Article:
J.K. Rowling returns to her wizarding world with Fantastic Beasts and Where to Find Them and easily recaptures the magic (ugh….I know) with director David Yates.
Following the arrival of Newt Scamander, a British wizard who is in the good graces of Dumbledore, to New York City, he carries a case full of magical creatures with a specific purpose of releasing one of them back in its homeland of Arizona. The magical community of the United States is in a bit of disarray upon Newt’s arrival, with many incidents threatening to expose their world to the “no-maj’s” of their existence. Added to this, the dark wizard Grindelwald has been rumored to have come to America, further putting MACUSA on edge. Newt’s interaction with a no-maj, Jacob, gets him brought in by an ex-auror, Tina, for violating a number of MACUSA violations and the adventure unfolds form there.
Fantastic Beasts does not feel like a Harry Potter movie, and I mean that in the best way possible. In fact, I think the movie will only improve on future viewings as you can further disconnect it from the adored Harry Potter saga. Yes, it is the same world, yes, we are going to see some characters from Harry Potter’s life eventually, but this new entry into the wizarding world is an entirely different beast (ugh….again!). This feels more like an adventure tale wrapped around an introduction to this time frame of the wizarding world, 60+ years before Harry Potter OG, all seen through the worldview of the awkward, brilliant and kind Newt Scamander. The guy is a scientist in the world of magic, trying to understand his world better and discover the value in the world’s magical creatures which are so often disregarded and slaughtered. Eddie Redmayne is excellent as Scamander and I look forward to watching him run around catching creatures for another film or two. He is charming without ever putting himself out there, is powerful without ever really showing a fire in him, and I just loved the way he opens up whenever he interacts with a beast. It is a great, understated performance, from an actor I don’t always enjoy.
Rowling wrote the script for the film and she doesn’t hold back at undermining the United States, in a way that is even more relevant in a post-Trump world. The allegory isn’t in your face, but the militaristic, fear of the other, unwelcoming dickishness of MACUSA couldn’t be more clear of a judgement in the way the United States can be not so friendly to outsiders. Yes, the wizards of the U.S. are a minority themselves, but they have adopted many of the similar traits of their no-maj counterparts. Colin Farrell is the face of the MACUSA’s dark side (the only side we really see), Graves, and he is an excellent threat roaming around the edges until he is thrust into the middle of all of this. He’s colluding with a supposed witch hater, Credence (Ezra Miller), searching for a certain young child in the city for unknown purposes. Miller’s character is a part of a lot of the film’s later developments, and he delivers some genuinely messed up stuff that will creep you out. The final battle in particular is beautifully put together with a mix wand battling and straight up fighting for your life, with Yates and company doing a great job of finding the tension and thrills you want in a battle, especially against, essentially, a cloud of smoke.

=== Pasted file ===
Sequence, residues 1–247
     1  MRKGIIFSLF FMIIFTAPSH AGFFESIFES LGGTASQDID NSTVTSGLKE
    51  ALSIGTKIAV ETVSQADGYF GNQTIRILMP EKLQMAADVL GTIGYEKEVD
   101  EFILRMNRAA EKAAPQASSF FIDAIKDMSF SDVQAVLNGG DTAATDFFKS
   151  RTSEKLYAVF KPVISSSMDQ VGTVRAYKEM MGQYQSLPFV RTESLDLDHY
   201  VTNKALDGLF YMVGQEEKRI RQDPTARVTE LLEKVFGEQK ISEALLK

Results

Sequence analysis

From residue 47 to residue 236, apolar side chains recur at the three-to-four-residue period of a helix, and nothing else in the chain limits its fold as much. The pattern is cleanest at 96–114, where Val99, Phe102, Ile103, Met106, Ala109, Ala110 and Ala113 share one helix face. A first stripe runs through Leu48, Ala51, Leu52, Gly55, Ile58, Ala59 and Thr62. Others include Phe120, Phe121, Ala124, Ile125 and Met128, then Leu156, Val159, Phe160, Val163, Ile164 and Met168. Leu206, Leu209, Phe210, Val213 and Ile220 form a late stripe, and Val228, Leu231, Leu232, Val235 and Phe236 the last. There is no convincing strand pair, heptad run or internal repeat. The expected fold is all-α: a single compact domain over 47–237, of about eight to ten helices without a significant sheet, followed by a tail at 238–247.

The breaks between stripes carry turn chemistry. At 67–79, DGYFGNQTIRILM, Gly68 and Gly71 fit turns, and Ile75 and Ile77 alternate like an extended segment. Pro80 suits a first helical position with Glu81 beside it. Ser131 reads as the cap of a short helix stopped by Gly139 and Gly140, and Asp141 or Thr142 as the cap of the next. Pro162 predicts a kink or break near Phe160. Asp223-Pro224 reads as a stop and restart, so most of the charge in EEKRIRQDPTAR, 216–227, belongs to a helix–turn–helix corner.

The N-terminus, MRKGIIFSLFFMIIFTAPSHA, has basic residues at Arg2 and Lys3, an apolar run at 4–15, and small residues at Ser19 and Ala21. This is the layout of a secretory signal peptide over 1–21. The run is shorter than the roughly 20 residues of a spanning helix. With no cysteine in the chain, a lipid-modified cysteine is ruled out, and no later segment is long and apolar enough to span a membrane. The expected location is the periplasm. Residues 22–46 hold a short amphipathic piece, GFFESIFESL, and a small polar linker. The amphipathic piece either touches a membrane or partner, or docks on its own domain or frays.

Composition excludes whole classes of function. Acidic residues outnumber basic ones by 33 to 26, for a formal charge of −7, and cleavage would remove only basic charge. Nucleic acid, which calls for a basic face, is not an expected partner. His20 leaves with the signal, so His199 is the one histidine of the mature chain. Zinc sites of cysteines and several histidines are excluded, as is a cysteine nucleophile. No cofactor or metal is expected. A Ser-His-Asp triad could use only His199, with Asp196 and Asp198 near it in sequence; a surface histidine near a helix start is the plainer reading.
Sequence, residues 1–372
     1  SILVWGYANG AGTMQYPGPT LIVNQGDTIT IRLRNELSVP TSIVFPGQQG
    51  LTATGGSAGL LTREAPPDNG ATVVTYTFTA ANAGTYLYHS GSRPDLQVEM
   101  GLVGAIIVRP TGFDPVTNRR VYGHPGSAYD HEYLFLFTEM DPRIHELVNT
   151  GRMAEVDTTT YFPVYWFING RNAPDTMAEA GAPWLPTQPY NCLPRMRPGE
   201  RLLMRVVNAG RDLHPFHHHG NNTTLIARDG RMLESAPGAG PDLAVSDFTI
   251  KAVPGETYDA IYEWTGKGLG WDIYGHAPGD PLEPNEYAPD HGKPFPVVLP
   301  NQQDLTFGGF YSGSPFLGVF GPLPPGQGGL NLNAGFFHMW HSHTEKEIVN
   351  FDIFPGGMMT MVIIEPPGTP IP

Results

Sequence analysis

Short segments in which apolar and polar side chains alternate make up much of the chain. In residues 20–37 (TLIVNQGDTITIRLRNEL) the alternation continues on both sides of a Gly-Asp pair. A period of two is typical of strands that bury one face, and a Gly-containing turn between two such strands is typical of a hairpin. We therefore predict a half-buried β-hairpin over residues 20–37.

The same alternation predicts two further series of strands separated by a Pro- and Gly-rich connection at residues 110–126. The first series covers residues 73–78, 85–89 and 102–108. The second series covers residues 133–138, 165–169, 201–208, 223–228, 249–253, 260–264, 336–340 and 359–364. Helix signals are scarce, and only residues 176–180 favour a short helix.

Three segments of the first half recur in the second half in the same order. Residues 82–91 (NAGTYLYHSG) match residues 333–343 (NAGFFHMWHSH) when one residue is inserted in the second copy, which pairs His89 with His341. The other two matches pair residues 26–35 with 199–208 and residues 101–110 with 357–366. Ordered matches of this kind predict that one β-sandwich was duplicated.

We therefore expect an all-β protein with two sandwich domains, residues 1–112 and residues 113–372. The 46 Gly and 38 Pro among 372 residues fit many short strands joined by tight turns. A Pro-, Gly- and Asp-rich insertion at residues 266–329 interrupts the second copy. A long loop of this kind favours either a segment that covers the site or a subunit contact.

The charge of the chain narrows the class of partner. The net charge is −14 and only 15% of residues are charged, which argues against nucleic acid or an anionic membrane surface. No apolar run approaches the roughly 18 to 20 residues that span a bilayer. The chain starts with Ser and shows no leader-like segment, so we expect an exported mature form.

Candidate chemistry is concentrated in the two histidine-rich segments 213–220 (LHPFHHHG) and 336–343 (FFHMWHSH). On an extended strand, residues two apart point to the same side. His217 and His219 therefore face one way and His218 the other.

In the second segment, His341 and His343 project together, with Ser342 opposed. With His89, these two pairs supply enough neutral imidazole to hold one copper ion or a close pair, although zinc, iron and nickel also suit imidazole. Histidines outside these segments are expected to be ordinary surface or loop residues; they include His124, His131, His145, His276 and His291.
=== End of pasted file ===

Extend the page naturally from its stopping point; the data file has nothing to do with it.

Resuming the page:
Katherine Waterston stars as Tina, and along with Jacob (Dan Fogler), the duo make a pair of fine companions for Newt’s adventures across NYC. Tina’s sister, Queenie (Alison Sudol), also plays a role in the film, but she ultimately feels the most left out of the bunch. Her and Fogler have a wonderful chemistry though, filling the film with a number of good laughs. In fact, the film is often quite funny, with the beasts themselves providing plenty of humor throughout the film. I think you will find it impossible not to fall in love with at least one of the beasts, or four, and they are a real highlight of the film. Rowling made the most out of a story about collecting magical creatures, while successfully launching a new five film series in the process. Waterston deserves a bit more credit as well, as she was the rock of the movie, but she manages to squeeze a personality out of Tina, even if she might be a tad under written here.
I could go on with a bunch of little things that I loved in Fantastic Beasts and Where to Find Them, but I think you should head out to the theater yourself to enjoy this new adventure. Rowling’s imagination still pumps out a dense and large sense of wonder, while the new cast excels top to bottom under the best wizarding world director there ever ways, David Yates. If you were a fan of the Potter films, this is a no brainer, but even if those didn’t appeal to you, Fantastic Beasts might. The film is fun, fast paced and shows you the grown up side of the wizarding world in a way that Harry Potter never really did, and I can’t wait to visit this world again.